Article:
### Prediction models

*K*computes the matching score between the query sequence

*X*and the previously seen sequences {

*X*

_{1},...,

*X*

_{ N }} whose class assignments {

*y*

_{1},...,

*y*

_{ N }} are known. The score is formed as

The sign of this score then typically indicates whether the query *X* belongs to a particular class, *f*(*X*) > 0, or not. The weights *w*_{ i }are set in a training procedure prior to making predictions using a variety of available "learning" algorithms that attempt to optimize the predictive performance of this model. This verification model can also be generalized to the classification setting, where the sample is to be classified in one of *M* possible classes. In that case one can construct the predictive model for each class, *f*_{ m }(*X*) = Σ_{ i }*w*_{m, i}*K*(*X*, *X*_{ i }), and make the final prediction by finding the class with the maximum score, *y** = arg max_{ m }*f*_{ m }(*X*).

In this work we consider two classes of algorithms that have generally shown state-of-the-art performance on prediction tasks. One is the simple Nearest Neighbor classifier. In that setting *w*_{m, i}is non-zero, i.e. *w*_{m, i}= 1, only for the sequence *X*_{ i }(of class *y*_{ i }= *m*) which is "closest", or most similar, to the query sequence *X*. Nearest neighbor classifiers are simple and have appealing (asymptotic) theoretical properties.

The second class of learning algorithms used in this work is the well-known Support Vector Machine [28]. In the view of the model above the SVM selects an optimal subset of training sequences *X*_{ i }(the so-called support vectors) and sets their weights to maximize the models predictive accuracy. In our work we use the "one-vs-rest" SVM learning approach described in [32].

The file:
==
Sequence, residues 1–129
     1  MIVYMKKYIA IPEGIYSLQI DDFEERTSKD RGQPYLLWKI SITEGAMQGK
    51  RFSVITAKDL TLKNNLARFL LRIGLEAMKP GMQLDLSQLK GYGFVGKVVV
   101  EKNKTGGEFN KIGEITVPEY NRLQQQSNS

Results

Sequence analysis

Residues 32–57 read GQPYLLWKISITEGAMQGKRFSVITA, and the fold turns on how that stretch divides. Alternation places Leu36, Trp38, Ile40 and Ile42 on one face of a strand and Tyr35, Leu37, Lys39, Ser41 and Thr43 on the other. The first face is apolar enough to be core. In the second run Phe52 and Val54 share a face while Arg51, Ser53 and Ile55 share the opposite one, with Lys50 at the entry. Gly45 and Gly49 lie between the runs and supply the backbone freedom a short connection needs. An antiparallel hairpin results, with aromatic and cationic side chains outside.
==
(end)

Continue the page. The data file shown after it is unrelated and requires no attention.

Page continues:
## Results and discussion

Barcode datasets

Dataset | # species | # barcodes |
---|---|---|

ACG | 573 | 4267 |

Hesperiidae | 364 | 2185 |

Astraptes | 12 | 465 |

Bats of Guyana | 96 | 840 |

Birds of North America | 656 | 2589 |

Fish of Australia | 211 | 754 |

Fish larvae | 7 | 35 |

Using these datasets, we consider barcode class prediction problem as a multi-class classification problem described in the Methods section. For the SVM prediction approach, we use one-vs-rest setting to perform the multi-class classification using binary predictors for each class. We evaluate alignment-free similarity of DNA barcodes using the spectrum/mismatch representations of Section 'The spectrum kernel methods' and contrast it to several standard similarity metrics employed for biological sequences and DNA barcodes in particular. In all experiments, we normalize the similarity/kernel values *K*(*X*, *Y*) using *K'*(*X*, *Y*) = *K*(*X*, *Y*)/ Open image in new window to remove the dependency between the kernel value and the sequence length. To perform our experiments, we use an existing SVM implementation from a standard machine learning package SPIDER [35] with default parameters. For the spectrum/mismatch kernel, we use mismatch(5,1) (*k* = 5, and *m* = 1) and spectrum-10 (*k* = 10) kernels. To facilitate experiments on large datasets, we use the kernel computation algorithms proposed by Kuksa et al. in [31]. The data and source code used in our experiments are available at the supplementary website [36].

In the following, we first present results on multi-class species identification problem using alignment-free methods. We then focus on the analysis of within-barcode markers and show the impact of the marker selection on the identification accuracy. To illustrate the ability of the similarity metric to reduce the within-species dispersion while maintaining separability of different species we use clustering analysis in the set of experiments following the marker study. Finally, we provide empirical running time analysis of our proposed approach and contrast it with some state-of-the-art methods.